LOS LAGARTOS GOLF CLUB

Fully ac­cli­ma­tised to the cli­mate and cul­ture, Los Lagartos Golf Club in Cun­d­i­na­marca is next. This sprawl­ing prop­erty that re­cently cel­e­brated its 80th an­niver­sary con­tains two 18-hole, par 72 golf cour­ses, named David Gu­tier­rez Course and oddly, Korea Course.

The cham­pi­onship Gu­tier­rez lay­out was re­designed by Scott Miller in 2012 and is con­sid­ered the most scenic course in Bo­gotá. Rolling hills and changes in el­e­va­tion chal­lenges from the first to the 13th, with scenic views of beau­ti­ful flora, trick­ling creeks, wa­ter­falls and duck-filled ponds along the way.

While there are many doglegs through­out this course, the par 5, 13th has a uniquely shaped fair­way named the “Foot of the Duck”. Tee off to a nar­row fair­way that jogs left and right – the heel of the foot - and then straight­ens to the pin with trou­ble to the left and back.

Greens on this course are groomed fast and fairways are seeded with Kiku grass that grabs the ball when wet for even greater pre­ci­sion play.

CITY OF CARTAGENA

From there, an hour and half flight takes me to Colom­bia’s north­ern city of Cartagena. Heat and hu­mid­ity jux­ta­poses the high-alti­tude dry­ness and cold of Bo­gotá here along the coasts of Caribbean Sea.

Known as Cartagena De In­dias, the city was founded in 1533 by Pe­dro de Here­dia. There is a charm to this lively city con­tained by a 20-me­tre-thick lime­stone wall that stands as a re­minder of pi­rate at­tacks and bat­tles of cen­turies gone by.

While strolling through the Plaza Trinidad Get­se­maní, I over­hear a lo­cal tour guide ex­plain­ing to a group of tourists, “The port, Castillo de San Felipe fortress, and group of mon­u­ments were de­clared a World Her­itage Site by UNESCO in 1984, and the Colom­bian gov­ern­ment has deemed th­ese sites, Cul­tural Her­itage of the Na­tion sta­tus.”

Per­haps see­ing that I am a lady, he di­rects me to the ren­o­vated 23-vault mil­i­tary bar­racks turned shop­ping area called the Las Bovedas. I hap­pily lapped the stereo­type in and weave through arch-lined rows and hear­ing shop own­ers fol­low shout­ing of­fers for sou­venir arts, crafts and ar­ti­sanal jew­el­ery, stylish hats, color­ful cloth­ing and unique sculp­tures.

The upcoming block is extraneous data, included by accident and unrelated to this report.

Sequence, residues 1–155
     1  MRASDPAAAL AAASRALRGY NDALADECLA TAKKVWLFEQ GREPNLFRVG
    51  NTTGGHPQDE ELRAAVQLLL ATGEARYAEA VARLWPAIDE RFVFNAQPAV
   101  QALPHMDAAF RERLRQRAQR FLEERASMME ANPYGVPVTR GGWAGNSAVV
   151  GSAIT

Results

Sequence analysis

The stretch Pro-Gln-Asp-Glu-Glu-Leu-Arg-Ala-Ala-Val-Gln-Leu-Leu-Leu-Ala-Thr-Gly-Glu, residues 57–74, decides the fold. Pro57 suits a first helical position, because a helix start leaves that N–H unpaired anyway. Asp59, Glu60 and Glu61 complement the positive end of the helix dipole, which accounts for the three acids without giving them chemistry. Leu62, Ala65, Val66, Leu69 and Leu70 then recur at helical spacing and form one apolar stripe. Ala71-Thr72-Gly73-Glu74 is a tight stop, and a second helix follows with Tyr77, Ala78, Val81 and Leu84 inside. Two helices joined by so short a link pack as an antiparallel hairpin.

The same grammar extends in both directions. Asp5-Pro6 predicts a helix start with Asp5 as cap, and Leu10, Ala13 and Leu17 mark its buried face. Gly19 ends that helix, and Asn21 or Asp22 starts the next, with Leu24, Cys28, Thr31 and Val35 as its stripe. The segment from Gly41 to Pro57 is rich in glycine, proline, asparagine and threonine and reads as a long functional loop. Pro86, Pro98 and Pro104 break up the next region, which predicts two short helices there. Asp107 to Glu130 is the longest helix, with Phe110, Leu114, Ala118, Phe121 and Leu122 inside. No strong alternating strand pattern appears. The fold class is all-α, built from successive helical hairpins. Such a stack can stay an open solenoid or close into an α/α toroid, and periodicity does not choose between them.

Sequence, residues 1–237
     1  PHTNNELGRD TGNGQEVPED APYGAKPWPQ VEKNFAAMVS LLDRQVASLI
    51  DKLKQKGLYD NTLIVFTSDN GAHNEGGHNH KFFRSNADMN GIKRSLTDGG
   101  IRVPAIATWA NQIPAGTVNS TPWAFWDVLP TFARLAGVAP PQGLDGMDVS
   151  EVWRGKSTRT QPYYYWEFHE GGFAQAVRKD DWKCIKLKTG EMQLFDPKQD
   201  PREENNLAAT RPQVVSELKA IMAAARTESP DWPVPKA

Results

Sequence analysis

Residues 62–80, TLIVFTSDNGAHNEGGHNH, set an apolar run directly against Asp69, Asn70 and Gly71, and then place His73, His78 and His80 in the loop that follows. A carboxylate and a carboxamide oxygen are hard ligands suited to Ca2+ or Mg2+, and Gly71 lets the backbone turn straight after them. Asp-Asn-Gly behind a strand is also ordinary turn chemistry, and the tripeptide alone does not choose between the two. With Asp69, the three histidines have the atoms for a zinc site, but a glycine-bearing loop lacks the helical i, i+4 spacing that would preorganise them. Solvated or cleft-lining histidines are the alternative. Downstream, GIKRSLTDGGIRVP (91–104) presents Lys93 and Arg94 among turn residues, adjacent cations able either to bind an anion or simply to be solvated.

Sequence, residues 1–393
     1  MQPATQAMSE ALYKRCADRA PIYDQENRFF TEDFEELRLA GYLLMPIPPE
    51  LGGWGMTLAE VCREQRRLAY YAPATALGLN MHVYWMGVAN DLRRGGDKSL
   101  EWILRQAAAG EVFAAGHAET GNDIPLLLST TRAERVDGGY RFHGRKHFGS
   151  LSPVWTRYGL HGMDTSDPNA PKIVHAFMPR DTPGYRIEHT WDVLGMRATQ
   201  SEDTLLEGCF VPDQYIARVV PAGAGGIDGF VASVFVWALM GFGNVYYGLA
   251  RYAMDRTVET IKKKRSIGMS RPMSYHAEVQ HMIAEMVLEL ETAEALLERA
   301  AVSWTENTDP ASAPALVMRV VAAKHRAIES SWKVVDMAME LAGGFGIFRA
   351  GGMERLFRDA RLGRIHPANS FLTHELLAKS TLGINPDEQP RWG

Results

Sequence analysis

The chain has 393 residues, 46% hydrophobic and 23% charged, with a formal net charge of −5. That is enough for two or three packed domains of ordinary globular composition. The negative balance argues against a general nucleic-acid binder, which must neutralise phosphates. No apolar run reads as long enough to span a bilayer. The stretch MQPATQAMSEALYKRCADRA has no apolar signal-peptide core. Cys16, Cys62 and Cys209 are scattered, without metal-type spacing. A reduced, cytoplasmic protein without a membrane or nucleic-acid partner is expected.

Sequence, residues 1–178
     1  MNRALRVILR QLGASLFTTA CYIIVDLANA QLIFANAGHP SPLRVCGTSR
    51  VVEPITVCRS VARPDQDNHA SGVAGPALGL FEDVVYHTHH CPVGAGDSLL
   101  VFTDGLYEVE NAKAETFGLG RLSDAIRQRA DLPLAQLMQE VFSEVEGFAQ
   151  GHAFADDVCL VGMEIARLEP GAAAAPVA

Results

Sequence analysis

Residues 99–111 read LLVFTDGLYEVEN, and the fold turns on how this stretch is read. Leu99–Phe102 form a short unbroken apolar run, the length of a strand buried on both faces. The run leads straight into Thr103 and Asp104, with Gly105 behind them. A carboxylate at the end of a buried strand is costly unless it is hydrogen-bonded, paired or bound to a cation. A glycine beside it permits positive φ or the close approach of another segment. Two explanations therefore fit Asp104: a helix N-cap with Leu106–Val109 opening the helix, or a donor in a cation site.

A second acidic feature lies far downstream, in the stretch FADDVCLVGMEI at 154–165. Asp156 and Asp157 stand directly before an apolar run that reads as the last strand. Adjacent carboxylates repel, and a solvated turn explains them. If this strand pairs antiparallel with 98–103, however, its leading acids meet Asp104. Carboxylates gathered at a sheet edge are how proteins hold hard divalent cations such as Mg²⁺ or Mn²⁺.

This is where most make a pit stop to en­joy lunch at the an Isidro es­tau­rant, housed in the anta Clara House that is built in the 1900’s, and try the tra­di­tional Colom­bian ap­pe­tiser, Abor­ra­jado, a deep-fried plan­tain filled with cheese, washed down with a cup of some of the best cof­fee I’ve ever tasted.”

Re­tail ther­apy done, I scoot over to the world fa­mous resto-bar fran­chise Café del Mar to catch an early sun­set and en­joy their fa­mous co­conut lemon­ade, made fresh. Their eclec­tic beats rifts through the air while I take in the view of “Lit­tle Mi­ami” and the Caribbean off in the dis­tance from my van­tage point atop the city wall.

Then as dark­ness sets in, the charm of a horse drawn car­riage beck­ons to ride in a mag­i­cal jour­ney across the streets watch­ing lo­cals play­ing Zy­deco mu­sic and ven­dors sell­ing hot a tra­di­tional Colom­bian corn flour cake called “Arepas”.

Tourists and lo­cals alike fill the plazas - some danc­ing to the mu­sic while oth­ers sim­ply strolling along with con­tented smiles on their faces. But as soon as I draw near to my cosy bou­tique stay, the Movich Ho­tel, I de­cided to call it a night, know­ing that more golf await the next day.

At night, I dream of strangers danc­ing along a never-end­ing street of reverie and won­der if I should ever wake up.

THE KARIBANA TPC CARTAGENA

But I do, of course and gladly so as I dis­cover one of the most ex­hil­a­rat­ing golf cour­ses in the world here in Cartagena. The Karibana TPC Cartagena cham­pi­onship golf course is set next to the Caribbean Sea and is the first TPC prop­erty in South Amer­ica. Also on prop­erty is the new Hil­ton Con­rad Ho­tel with lux­ury con­dos and a beach club.

Camilo Vil­le­gas and his brother Manny en­joy this Jack Nick­laus de­sign and hosted the 2016 Karibana Skins Game, a first in Colom­bia, here.

“Colom­bia is a great coun­try and I miss it a lot. It’s one thing to read about it, it’s another to visit. There is an en­ergy here in Colom­bia that all should ex­pe­ri­ence,” en­thused the four-time PGA Tour win­ner.

The Skins Game on that Satur­day of De­cem­ber 17 be­tween Vil­le­gas, An­gel Cabrera, Ernie Els, and Bo­gotá na­tive Se­bas­tian Juan Munoz. While it was a close bat­tle, the host, per­haps due to his in­tu­itive un­der­stand­ing of his home course, man­aged to edge out friend and ri­val Els in the end.

While on a brief tour of the golf course, I ask director of golf Juan Felipe Raigoza what makes this golf course so unique. He pointed to the va­ri­ety on ev­ery hole: “The front nine are sur­rounded by a spec­tac­u­lar nat­u­ral for­est with six man-made lakes, and the back nine runs along sen­sa­tional ocean front.”

While all th­ese beau­ti­ful cour­ses are lim­ited to priv­i­leged few, for­eign vis­i­tors are be able to get a tee­time via a rep­utable tour agent who can also ar­range for trans­porta­tion. Jaime En­rique Acosta of Voy­age Colom­bia Golf is one such op­er­a­tor.

“Why not golf one day, and take an ex­cur­sion the next to a cof­fee bean plan­ta­tion? We can even ar­range for cook­ing lessons and ad­di­tional tours to nearby re­gions,” of­fered the jovial Acosta, whose ad­vise I duly con­cede to be well taken.

hile there are many doglegs through­out this course, the par 5, 13th has a uniquely shaped fair­way named the “Foot of the Duck”. Tee off to a nar­row fair­way that jogs left and right – the heel of the foot - and then straight­ens to the pin with trou­ble to the left and back.”

LEFT PAGE - CLOCK­WISE FROM

TOP LEFT: Botero Sculp­ture; Bo­gotá streets of the his­toric area; Señor Caido (Fallen Lord).

RIGHT PAGE - CLOCK­WISE FROM

TOP: San­tu­ario de Mon­ser­rate; Meat Stuffed Em­panadas; Chichar­rón; San Al­berto Cof­fee Ex­pert brew­ing cof­fee.

TPC Cartagena at Karibana a look back to­ward 12.